Today marks a significant landmark in the long history of Horsham Football Club as it was exactly 150 years ago that we played our first ever match.
To be more accurate, we played our first ever matches as we hosted Reigate Priory in a trio of games on 18th February 1871, each side recording a victory and the third ending in a draw.
Organised football was still very much in its infancy in 1871. This was the same year as the inception of the first ever FA Cup competition, but the Football League was another 17 years from foundation and the game itself was far removed from today’s incarnation. Far more physical and crude, serious injuries were commonplace with matches often comprising an overlap of codes between ‘soccer’ and rugby, while crossbar and goal nets would not become mandatory for at least another decade.
Horsham Football Club had only been constituted four months earlier, in the November, and the novelty of its inaugural match drew much interest in the town. According to the West Sussex Gazette, there was a ‘large number of ladies’ among a ‘goodly mustering of people’ at Springfield Park to see the two sides do battle although they were kept waiting as the Reigate players arrived an hour later than expected due to an incident en route from over the county border.
When the Surrey men eventually took to the field it was discovered that they had twelve players so, to even up the numbers, a spectator was requisitioned to the Horsham side and he went on to make quite an impression. This sort of practice wasn’t uncommon during those early years, with a member of the home side often guesting for their opponents if arriving without the requisite number of players.
It was suggested that Reigate, who would become one of just 15 clubs to enter that maiden FA Cup, seemed more experienced in the arts of the game than their hosts although Horsham “played a capital game, considering the short time in which some of them had been initiated and they showed greater running powers than their opponents, who trusted more to kicking.”
The first game was won for Horsham by some fine play on the part of Messrs Hall and Rawlison, by which a touch down was scored. J Sharp, one of a trio of Sharps in the home side, “did the kick and made the goal magnificently”, despite battling a strong wind. By this account it would appear that these matches were evidence of that aforementioned mix of codes.
Reigate secured the second game, “through a first rate run and touch down, made by a player who showed prominently throughout the match, and who was distinguished by a large white mitre on the back of his pink jersey”. A mammoth kick by Reigate’s Clutton obtained the goal. The final match was shaded by Reigate but ended all-square.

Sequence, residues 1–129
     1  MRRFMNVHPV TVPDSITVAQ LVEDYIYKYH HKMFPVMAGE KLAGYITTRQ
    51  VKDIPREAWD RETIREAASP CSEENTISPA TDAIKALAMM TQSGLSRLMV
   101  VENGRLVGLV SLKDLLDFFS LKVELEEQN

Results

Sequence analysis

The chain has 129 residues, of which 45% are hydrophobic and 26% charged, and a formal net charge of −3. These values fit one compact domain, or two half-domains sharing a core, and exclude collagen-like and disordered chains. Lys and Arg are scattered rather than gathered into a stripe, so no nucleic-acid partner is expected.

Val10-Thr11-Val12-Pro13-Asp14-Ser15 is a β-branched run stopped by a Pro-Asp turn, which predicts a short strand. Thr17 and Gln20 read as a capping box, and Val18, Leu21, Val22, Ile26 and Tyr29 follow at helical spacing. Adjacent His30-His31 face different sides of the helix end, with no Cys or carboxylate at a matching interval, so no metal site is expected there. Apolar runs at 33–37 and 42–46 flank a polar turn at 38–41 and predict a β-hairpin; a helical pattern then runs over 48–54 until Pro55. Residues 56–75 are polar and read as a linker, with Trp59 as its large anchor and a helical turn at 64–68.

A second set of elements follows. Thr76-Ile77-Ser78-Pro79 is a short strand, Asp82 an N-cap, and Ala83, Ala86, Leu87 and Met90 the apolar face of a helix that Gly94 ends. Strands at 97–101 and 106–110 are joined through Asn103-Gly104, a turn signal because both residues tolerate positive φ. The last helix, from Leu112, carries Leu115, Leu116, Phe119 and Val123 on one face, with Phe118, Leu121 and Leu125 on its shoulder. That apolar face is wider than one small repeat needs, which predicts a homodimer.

No doubt the outcome would have been viewed by the Horsham officials as a satisfactory first outing for the new football club although the reporter from the Horsham, Petworth, Midhurst and Steyning Express was clearly unconvinced by the spectacle. “We looked on, with many others, just long enough to learn that we know nothing about the game” he wrote, “and if we must confess that at this season of the year we cannot find the smallest amount of pleasure in looking on.
“At the same time, we must admit that those who took part in the match appeared to play with great earnestness and enjoyed themselves amazingly, interrupted only now and then when the casualty of a kick on the shins occurred which was, of course, not quite so stylish. The exercise must be rare and healthful indeed, and the danger to any of those who occasionally practice it of being thrown on their backs with the grout must, we should imagine, be very small and a long way off.”
Those blazing the trail for Horsham Football Club in those historic first matches included:
- E J Bostock (captain)
- W H Hubert (spectator)
- A W Rawlison
- W G Sharp
- C Sharp
- J Sharp
- H Mickell
- Rev G McLean
- H Hall
- W Knight
In being founded during the latter stages of 1870, Horsham Football Club could lay claim to being the oldest football club in the county and older than the likes of Aston Villa, Blackburn Rovers, Everton, Manchester United and Liverpool. However, due to the sporadic nature of its fixtures and the difficulties in finding enough local men to put together a side, the club effectively drifted into the ether and it wasn’t until 1881 that it reformed.
For this reason, and while keen to acknowledge the part played by those early pioneers, it is 1881 that the club acknowledges as the year of its formation.
We want you to help us mark this anniversary by posting photos of you wearing your club colours today to our social media channels, with the tag #Hornets150, and we’ll share it with our supporters!
And as we announced yesterday, we are running a sale on ALL leisurewear on our club shop through to Friday 26th February. To get 20% off all hoodies, zip ups and polos, all you have to do is enter the promotional code ‘HFCSPRING21’ when checking out.
Access the club shop HERE